About PHP usage

The question of who is using PHP has been asked many times. We all know PHP users include everyone from Britney Spears to the UK Labour Party’s Big Conversation. In fact Dream Lab Canada maintains a directory of PHP Powered Sites broken down by industry sector.

For me what’s more interesting, right now, is looking at where PHP is being used; where is it being deployed (Internet vs. Intranet / Extranet), what problems are people solving with PHP, what design decisions come into play when building a online gallery vs. a groupware tool, how do requirements influence CMS design when comparing an online magazine vs. a corporate Intranet, etc. etc.?

There have been surveys of PHP’s use in the past, such as this one from Zend and another from Interakt but neither, from my point of view, explored these type of questions.

There are two things nagging me, which is what’s prompting this stream of thought. First I have a hunch there are whole PHP “user groups” not being addressed or being heard from, largely swallowed by “mainstream” PHP users (those building either personal sites on small online ventures). The second nag is there’s PHP functionality which seems to be being under utilized, most notably the COM extension, which may in some cases also equate to software with a commercial value (as in someone willing to pay for it).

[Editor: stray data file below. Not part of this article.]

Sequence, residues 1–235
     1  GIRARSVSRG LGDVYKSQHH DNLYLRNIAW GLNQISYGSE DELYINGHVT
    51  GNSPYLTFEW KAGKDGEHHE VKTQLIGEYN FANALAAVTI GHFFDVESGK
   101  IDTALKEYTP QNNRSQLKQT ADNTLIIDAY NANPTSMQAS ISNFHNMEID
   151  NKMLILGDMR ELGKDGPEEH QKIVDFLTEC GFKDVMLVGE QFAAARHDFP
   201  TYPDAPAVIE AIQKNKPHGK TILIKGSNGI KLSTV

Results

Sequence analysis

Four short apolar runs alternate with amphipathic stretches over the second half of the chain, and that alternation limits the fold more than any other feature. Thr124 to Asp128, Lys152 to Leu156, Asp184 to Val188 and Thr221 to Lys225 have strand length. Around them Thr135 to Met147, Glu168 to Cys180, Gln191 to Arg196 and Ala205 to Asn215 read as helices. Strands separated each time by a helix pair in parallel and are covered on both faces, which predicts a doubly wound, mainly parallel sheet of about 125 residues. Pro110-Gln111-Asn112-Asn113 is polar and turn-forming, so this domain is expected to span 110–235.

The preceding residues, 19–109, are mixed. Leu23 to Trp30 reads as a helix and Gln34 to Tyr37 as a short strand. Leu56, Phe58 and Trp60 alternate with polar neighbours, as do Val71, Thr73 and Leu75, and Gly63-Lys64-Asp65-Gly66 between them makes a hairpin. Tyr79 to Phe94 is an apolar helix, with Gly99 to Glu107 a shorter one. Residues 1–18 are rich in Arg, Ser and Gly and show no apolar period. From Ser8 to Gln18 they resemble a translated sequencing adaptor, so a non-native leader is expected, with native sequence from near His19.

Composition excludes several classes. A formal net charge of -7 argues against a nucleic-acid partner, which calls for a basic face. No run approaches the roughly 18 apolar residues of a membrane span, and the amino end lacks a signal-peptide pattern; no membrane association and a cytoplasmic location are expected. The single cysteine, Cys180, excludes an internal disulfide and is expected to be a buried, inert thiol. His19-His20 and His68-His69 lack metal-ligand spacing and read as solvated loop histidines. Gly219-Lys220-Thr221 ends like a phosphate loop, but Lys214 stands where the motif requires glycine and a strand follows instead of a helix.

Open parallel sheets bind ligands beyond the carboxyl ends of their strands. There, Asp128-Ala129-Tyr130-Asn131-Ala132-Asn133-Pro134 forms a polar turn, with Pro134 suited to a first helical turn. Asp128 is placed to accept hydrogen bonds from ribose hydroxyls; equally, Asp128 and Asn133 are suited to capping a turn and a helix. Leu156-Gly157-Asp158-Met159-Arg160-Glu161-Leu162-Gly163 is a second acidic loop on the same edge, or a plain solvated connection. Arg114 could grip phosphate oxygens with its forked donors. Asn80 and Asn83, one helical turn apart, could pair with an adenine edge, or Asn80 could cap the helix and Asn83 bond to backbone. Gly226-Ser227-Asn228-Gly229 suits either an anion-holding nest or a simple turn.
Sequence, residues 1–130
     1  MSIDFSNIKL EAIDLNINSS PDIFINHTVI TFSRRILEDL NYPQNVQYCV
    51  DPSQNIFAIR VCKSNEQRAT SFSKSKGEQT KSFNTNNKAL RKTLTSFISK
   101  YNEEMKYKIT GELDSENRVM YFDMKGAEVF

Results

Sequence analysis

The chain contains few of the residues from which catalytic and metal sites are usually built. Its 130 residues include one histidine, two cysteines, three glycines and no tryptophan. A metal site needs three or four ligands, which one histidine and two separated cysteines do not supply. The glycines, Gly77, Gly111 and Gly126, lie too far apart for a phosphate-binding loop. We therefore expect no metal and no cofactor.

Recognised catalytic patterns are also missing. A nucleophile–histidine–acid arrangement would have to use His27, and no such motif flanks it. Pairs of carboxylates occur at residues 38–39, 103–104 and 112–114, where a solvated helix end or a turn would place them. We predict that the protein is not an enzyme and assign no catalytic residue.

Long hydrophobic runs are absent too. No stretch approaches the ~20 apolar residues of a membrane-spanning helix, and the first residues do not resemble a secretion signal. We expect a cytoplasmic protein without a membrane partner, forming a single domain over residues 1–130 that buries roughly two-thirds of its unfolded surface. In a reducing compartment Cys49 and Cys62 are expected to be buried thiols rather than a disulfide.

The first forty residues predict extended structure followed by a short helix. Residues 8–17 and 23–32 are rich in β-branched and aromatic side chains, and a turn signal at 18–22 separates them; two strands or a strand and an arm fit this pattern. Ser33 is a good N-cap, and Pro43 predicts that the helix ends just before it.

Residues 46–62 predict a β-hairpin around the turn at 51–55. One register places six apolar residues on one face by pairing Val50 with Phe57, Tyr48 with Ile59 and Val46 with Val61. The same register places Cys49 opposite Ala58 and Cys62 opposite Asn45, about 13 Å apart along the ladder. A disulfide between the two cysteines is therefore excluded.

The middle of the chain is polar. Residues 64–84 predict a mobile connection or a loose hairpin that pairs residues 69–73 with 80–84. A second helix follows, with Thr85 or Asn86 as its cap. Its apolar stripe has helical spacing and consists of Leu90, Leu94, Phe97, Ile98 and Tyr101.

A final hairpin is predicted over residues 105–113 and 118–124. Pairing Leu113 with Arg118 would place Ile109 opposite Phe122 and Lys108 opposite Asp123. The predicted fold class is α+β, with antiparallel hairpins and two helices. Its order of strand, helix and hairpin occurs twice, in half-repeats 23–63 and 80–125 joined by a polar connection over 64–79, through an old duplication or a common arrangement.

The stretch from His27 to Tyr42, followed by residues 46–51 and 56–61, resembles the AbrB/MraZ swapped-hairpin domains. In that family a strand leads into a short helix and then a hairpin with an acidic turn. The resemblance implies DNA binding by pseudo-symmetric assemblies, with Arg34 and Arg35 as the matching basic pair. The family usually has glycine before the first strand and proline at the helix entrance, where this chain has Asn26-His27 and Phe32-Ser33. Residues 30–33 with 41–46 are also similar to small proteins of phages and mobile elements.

On the Internet, there’s little in depth discussion of how employ PHP on high traffic sites. Sure this is a small user group but it’s also high profile. The best discussion I’ve seen, so far, is George Schlossnagle’s Advanced PHP Programming (it’s an excellent read – will post a longer blog on it in the near future) but other than that, it’s hard to get a clear picture of what constitutes sensible technology decisions when running a high traffic site. There experience is “out there” – Sitepoint itself is an example, ranking in the top 1500 sites, by traffic. The problem there seems to be getting developers to share their experience.

Another (guess) big user group which is largely ignored is those employing PHP on corporate Intranets / Extranets (that includes me so I’ve got opinions). I would hazard a guess that of the top 1000 companies in the world, 80%+ have PHP in action somewhere (although probably also unaware of the fact at a managerial level).

This group faces an entirely different set of problems – performance is often less important, traffic being relatively low. Being able to integrate PHP with a whole range of “back office” systems as well as desktop applications is the biggest issue for this group, integration with Windows being the #1 problem.